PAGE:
Lewis Hamilton and Valtteri Bottas handed Ferrari an embarrassing lesson on its home turf at the Italian Grand Prix, finishing over half a minute clear of Sebastian Vettel to allow Hamilton to take the lead of the Drivers’ Championship standings by three points.
It was a crushing result for the Scuderia and Vettel freely admitted that the red cars simply didn’t have the pace to fight the Silver Arrows, and it will hope to reverse the result when the grid next meets in Singapore where Ferrari is expected to be much stronger.
A rain-hit qualifying session created a topsy-turvy grid, and that was blown wide open when almost half the field was hit with grid penalties. That promoted Williams’ Lance Stroll and Force India’s Esteban Ocon lined up second and third on the grid behind Hamilton, who romped to a record-breaking 69th pole position.
In dry conditions on Sunday Mercedes would romp to a 1-2 finish ahead of Vettel, but there were plenty of other successes and failures as Majd Khalil writes…
Lewis Hamilton: He became the season’s first back-to-back race-winner, and he was finally able to claim the lead in the Driers’ Championship standings. Additionally, the Mercedes driver broke Michael Schumacher’s record of 68 pole positions. Statisticians might quibble that Schumacher actually claimed 69 poles thanks to being stripped of pole at Monaco in 2012 due to a grid penalty, but they might have forgotten Hamilton suffered the same fate at the preceding Spanish Grand Prix. In the race, Hamilton was his true self and led from lights to flag to secure a comfortable win with teammate Bottas in tow.
Valtteri Bottas: The Finn surprisingly disappointed in wet conditions, but moved up to fifth on the grid thanks to the grid penalties for the Red Bull Racing drivers. He came alive in the race, charging from the first lap and critically overtaking Kimi Räikkönen on the opening lap. That paved the way for the Finn to work his way ahead of Ocon and Stroll in the early laps.
Lance Stroll: The Canadian has transformed himself from a laughing stock to a potential rookie of the year in a matter of races and claimed another points’ finish with a faultless weekend. Having never had any material experience in wet-weather conditions in Formula 1, Stroll stunned in the rain to claim the fourth-fastest in qualifying which became a front-row start after the Red Bull Racing drivers were penalised. Perhaps his car was too set up for the wet conditions, which meant he struggled in the dry and fell down the order to finish only just ahead of teammate Felipe Massa.
Esteban Ocon: Another rookie to star in qualifying, the Frenchman started from third and felt he was a genuine contender for a maiden podium finish. It wasn’t quite to be as he was overhauled by quicker cars in the race, but he still claimed ‘best of the rest’ honours. Secretly we would love to have seen him to toe-to-toe with teammate Sergio Pérez after the pair’s fracas in Belgium…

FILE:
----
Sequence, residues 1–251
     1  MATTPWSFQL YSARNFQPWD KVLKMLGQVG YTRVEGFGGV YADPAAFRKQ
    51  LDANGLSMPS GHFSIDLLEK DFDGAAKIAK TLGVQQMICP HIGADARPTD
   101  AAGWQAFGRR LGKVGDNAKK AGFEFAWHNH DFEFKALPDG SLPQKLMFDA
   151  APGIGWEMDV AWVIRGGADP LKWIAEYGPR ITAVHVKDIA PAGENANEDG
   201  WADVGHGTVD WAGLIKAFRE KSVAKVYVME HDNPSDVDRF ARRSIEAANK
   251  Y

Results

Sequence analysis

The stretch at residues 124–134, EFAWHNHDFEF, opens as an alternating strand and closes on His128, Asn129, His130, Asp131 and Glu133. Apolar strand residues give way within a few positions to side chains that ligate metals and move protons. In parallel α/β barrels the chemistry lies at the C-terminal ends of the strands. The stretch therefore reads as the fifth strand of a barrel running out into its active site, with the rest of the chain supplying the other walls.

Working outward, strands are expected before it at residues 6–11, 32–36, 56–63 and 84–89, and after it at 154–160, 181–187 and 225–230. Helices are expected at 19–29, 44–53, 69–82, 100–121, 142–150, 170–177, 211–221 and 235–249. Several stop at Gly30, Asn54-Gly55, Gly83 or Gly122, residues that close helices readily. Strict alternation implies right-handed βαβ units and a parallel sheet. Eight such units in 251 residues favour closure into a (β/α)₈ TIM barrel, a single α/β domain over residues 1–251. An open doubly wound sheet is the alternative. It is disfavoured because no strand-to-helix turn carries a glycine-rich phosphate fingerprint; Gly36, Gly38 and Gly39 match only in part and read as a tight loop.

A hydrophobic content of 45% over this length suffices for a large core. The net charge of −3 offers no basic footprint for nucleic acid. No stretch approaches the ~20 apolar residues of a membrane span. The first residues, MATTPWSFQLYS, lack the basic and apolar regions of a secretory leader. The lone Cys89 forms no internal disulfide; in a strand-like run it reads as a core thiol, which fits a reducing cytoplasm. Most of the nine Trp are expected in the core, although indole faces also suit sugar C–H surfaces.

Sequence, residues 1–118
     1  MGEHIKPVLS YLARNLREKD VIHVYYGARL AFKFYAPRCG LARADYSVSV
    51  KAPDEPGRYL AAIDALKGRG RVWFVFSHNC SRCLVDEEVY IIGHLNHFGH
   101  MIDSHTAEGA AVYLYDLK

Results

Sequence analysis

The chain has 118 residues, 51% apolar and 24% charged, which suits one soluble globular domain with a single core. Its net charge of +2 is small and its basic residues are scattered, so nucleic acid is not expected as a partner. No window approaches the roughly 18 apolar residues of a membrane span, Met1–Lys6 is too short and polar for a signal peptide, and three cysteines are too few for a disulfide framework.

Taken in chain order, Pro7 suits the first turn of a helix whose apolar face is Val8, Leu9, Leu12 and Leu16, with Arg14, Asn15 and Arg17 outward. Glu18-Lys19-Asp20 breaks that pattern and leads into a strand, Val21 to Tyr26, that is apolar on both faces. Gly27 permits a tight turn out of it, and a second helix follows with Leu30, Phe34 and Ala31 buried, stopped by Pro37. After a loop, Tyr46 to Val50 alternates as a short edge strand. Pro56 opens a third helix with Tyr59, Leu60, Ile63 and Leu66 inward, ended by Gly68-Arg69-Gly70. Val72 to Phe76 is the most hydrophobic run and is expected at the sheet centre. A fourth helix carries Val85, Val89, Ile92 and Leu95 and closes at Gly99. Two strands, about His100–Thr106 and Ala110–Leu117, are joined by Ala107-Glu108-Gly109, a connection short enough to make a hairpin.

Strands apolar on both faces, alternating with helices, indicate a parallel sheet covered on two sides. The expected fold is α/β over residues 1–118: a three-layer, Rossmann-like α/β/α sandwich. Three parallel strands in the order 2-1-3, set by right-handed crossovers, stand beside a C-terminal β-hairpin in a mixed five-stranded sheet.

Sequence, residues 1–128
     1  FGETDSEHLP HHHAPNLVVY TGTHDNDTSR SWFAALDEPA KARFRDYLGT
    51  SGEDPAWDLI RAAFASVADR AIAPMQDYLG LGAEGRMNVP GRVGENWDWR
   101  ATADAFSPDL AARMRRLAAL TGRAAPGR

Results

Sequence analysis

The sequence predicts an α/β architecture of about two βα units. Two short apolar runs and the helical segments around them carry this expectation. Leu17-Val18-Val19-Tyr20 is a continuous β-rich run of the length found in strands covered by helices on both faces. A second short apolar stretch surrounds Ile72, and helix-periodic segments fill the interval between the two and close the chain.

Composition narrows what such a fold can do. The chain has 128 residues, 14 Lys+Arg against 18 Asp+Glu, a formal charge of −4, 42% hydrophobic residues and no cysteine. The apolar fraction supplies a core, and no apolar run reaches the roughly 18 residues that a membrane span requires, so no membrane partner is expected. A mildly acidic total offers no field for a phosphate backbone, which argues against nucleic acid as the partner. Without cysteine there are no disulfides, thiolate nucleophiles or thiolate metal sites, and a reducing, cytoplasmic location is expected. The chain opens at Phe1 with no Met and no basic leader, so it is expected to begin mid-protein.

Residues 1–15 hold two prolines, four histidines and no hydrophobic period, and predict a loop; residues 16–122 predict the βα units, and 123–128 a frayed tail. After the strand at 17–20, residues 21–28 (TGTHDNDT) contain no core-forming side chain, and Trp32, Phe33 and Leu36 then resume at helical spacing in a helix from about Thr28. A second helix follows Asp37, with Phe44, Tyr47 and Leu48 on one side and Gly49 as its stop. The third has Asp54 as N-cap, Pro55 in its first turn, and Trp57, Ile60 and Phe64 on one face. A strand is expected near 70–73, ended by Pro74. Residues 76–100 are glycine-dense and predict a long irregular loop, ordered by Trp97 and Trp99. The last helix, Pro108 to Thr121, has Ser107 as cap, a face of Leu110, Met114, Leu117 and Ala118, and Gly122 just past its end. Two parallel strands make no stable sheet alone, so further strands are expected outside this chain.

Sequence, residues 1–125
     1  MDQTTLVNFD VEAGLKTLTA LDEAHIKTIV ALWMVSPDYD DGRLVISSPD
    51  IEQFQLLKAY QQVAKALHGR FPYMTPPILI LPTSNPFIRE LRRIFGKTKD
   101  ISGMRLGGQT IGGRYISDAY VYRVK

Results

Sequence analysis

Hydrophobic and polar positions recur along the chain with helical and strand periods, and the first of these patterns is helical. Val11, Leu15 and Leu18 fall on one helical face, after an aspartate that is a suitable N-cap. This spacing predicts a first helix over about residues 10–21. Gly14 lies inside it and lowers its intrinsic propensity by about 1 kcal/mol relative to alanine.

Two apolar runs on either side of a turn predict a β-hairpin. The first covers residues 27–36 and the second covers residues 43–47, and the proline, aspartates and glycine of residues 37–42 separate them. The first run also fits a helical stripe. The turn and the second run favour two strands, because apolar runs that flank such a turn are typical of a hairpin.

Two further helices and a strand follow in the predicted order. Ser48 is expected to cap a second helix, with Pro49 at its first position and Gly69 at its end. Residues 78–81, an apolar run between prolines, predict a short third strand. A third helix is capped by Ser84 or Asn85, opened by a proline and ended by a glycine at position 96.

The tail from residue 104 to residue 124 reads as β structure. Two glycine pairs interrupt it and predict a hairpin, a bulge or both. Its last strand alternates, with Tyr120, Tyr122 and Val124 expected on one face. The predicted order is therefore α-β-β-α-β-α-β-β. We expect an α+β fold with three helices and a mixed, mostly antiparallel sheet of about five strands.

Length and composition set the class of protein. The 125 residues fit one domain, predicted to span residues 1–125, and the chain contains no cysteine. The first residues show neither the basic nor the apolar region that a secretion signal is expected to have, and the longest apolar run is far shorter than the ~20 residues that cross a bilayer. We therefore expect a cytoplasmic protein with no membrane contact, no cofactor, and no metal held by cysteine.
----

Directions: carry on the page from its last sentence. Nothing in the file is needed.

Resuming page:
Ferrari: Ferrari seemed to pick its home race to have its worst performance of the year. After pushing Mercedes all the way the week before in Spa-Francorchamps, Sebastian Vettel claimed Ferrari didn’t have a track to fear. Clearly Kimi Räikkönen hadn’t read the same memo – his car was an absolute handful all weekend, although he still outqualified the championship leader but once again was overshadowed by the German in race conditions. This is a pattern that the Finn needs to arrest and his inconsistent performances will almost certainly cost Ferrari a shot at denying Mercedes another Constructors’ Championship title.
Max Verstappen: There is a difference between charging through the field, and charging the field. Young Max seemed to have collided with everyone he passed, although the Massa touch that caused his puncture early in the race wasn’t his fault. Nonetheless, it was avoidable and he could have achieved far better than tenth when you compare him against teammate Daniel Ricciardo’s superb charge to fourth. It’s no surprise that Verstappen is frustrated and feeling the pressure after six DNFs in a messy season, but control is a fine tightrope to walk when you’re constantly playing catch-up.
Renault: Five of the six Renault-powered runners took engine grid penalties at a track where they weren’t expected to be competitive. It threw the grid wide open, but with Daniel Ricciardo charging from 16th to fourth and quickest through the speed trap, it suggests a podium finish was actually a realistic possibility. If its strategic call pays dividends in Singapore, then it will be worth it.
The Stewards: It was a poor look for race officials. They failed to give Max Verstappen a penalty for clearly forcing both Haas drivers off-track, and also turned a blind eye to Felipe Massa popping the Dutchman’s tyre with his poor lunge at the first chicane. Then they were too slow in handing a penalty (or redress instruction) to Jolyon Palmer in his battle with Fernando Alonso, despite the Spaniard’s vocal and frankly justified complaints.
McLaren Honda: Effffff….
Images via McLaren Honda, Red Bull Content Pool